Some years ago, a friend of New York Times opinion columnist Ross Douthat told Douthat that, “If appreciating some of the ideas in St. Augustine’s ‘Confessions’ was enough to make you a Christian, then I’d be a Christian. But a personal God? The miracles? I can’t get there yet.”
That’s how Douthat begins his recent, lengthy article in the Times, titled “A Guide to Finding Faith.” Its subtitle: “In the modern era, there are reasons to find the idea of God more plausible than ever.”
Douthat, 42, is described by Wikipedia as “an American conservative political analyst, blogger, author and New York Times columnist. He was a senior editor of The Atlantic.
In “A Guide to Finding Faith,” Douthat says that much of his mail about his views is some version of the sentiment expressed by his friend. Sometimes, he writes, “it’s couched in the form of regretful unbelief: ‘I’d happily go back to church, except for one small detail — we all know there is no God.’”
Many Would Like To Believe
Like them, he writes, many people would like to believe and would even like to find the motivation to return to church. They would like to pass on their religious heritage to their children. They find some religious beliefs and practices intriguing, even inspiring. But they can’t make the leap of faith, and the struggle simply leads back to unbelief.
Douthat suggests starting by “questioning the assumption that it’s really so difficult, so impossible, to credit ideas of God and accounts of supernatural happenings.” And he asks, “What if atheism is actually the prejudice held against the evidence?”
The materialist biases of secular culture, he writes, are “like a spell that’s been cast over modern minds, and the fastest way to become religious is to break it.” Here’s how he defends this view.
It made sense, you may think, for an intelligent person in ancient, medieval and pre-Darwin times to believe in God. Douthat asks his readers to put themselves in the place of a pre-Darwin person for whom God seemed to answer questions about the world that couldn’t otherwise be answered.
Vivid and Beautiful and Awesome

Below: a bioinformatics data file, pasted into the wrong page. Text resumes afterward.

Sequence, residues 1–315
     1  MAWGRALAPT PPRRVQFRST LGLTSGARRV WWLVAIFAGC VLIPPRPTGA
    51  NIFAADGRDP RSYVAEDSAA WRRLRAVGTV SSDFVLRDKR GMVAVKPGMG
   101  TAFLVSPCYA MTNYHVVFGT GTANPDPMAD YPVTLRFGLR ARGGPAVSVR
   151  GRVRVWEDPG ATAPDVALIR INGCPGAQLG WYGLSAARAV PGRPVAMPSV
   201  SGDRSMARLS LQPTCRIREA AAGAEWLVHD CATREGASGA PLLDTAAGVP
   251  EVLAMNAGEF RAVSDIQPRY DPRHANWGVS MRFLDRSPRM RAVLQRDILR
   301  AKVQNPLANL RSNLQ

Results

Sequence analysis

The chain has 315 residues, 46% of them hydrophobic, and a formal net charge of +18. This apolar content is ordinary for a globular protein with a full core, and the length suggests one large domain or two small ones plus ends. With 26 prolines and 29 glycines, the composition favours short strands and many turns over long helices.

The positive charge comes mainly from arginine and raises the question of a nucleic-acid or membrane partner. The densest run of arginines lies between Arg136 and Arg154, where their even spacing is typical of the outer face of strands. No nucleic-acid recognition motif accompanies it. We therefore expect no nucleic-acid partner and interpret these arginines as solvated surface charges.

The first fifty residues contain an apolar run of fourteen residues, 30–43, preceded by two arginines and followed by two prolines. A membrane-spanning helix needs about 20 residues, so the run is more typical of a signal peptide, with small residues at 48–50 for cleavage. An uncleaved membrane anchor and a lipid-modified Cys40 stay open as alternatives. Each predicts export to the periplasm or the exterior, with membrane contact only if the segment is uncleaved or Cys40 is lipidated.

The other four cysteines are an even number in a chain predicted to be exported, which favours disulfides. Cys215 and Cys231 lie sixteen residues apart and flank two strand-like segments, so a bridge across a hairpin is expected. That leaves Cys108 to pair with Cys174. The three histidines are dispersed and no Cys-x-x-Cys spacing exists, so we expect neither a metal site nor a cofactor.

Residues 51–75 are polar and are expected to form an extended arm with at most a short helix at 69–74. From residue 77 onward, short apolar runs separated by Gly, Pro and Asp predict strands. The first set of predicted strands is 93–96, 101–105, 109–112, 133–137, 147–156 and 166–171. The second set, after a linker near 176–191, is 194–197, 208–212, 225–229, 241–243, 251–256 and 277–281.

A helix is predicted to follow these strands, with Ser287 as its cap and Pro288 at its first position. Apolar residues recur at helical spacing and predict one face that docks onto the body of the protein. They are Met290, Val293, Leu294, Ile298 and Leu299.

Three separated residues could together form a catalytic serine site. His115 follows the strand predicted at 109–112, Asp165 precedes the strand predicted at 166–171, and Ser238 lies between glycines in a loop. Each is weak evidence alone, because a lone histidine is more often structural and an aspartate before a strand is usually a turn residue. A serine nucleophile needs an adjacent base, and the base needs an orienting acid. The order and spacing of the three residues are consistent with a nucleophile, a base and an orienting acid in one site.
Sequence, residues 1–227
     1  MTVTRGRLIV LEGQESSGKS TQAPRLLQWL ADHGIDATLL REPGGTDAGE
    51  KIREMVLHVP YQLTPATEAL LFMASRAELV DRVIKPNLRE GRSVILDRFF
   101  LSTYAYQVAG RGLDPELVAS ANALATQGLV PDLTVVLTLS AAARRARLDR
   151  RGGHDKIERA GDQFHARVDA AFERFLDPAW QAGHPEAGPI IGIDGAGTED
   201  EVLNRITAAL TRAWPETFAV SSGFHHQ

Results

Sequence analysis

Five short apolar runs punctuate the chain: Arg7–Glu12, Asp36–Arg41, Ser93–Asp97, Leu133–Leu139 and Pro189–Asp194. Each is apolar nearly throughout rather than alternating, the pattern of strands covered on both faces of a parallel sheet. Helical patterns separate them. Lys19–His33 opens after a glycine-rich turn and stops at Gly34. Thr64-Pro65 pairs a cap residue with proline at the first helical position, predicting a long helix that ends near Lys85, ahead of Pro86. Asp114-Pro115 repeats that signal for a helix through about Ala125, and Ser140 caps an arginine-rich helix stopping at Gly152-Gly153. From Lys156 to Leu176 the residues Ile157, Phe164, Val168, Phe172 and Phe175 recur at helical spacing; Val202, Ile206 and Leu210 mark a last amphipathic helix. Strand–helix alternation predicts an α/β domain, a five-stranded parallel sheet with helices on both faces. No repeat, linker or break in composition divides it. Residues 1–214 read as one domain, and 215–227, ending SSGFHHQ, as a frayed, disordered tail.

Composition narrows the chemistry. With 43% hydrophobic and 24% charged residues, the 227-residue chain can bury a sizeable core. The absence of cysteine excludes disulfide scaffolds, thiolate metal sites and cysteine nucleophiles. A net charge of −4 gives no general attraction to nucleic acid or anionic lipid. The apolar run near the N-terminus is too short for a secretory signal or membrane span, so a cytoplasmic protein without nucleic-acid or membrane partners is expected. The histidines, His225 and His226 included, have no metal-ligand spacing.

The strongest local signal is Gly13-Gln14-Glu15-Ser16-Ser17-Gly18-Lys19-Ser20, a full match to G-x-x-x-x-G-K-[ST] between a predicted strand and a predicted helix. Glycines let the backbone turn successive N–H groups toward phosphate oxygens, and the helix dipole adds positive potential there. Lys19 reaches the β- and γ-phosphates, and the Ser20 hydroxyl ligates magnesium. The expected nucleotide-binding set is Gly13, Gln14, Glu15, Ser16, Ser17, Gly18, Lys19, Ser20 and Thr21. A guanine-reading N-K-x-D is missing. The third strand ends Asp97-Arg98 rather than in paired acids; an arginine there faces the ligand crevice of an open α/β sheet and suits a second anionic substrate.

He or she believed the universe was created “with intent, intelligence and even love,” he writes. The world was “not just orderly, law-bound and filled with complex systems necessary for human life, but also vivid and beautiful and awesome in a way that resembles and yet exceeds the human capacity for art.”
The idea that human beings are fashioned, in some way, in the image of the universe’s creator made sense. Unlike the other animals, you had an almost God-like view, “constantly analyzing, tinkering, appreciating, passing moral judgment.”
Finally, the religious view that humans are connected to a supernatural plane explained why your world contained an incredible variety of experiences described as “mystical” or “numinous,” unsettling or terrifying, or just weird.
Aren’t all those observations still valid, he asks, despite the discoveries of modern science?
But it’s not only a matter of “despite” those discoveries because science “and the experience of modernity have strengthened the reasons to entertain the idea of God.” Among those reasons is “the strange fittedness of our universe to human life,” through “the mathematical beauty of physical laws” and “their seeming calibration for the emergence of life,” which are much clearer to us than they were to people 500 years ago.
Fact is, as fascinating and useful as science is, it leaves unanswered lots of important questions, such as why is there something rather than nothing and why the earth, despite its dangers and natural catastrophes, is so attuned to human life. Another is why nature leaves so many human beings still yearning for something deeper, for meaning, even for a spiritual life.
None of these points “proves” the existence of God nor may they convince you of the value of religion, but they should make you consider both.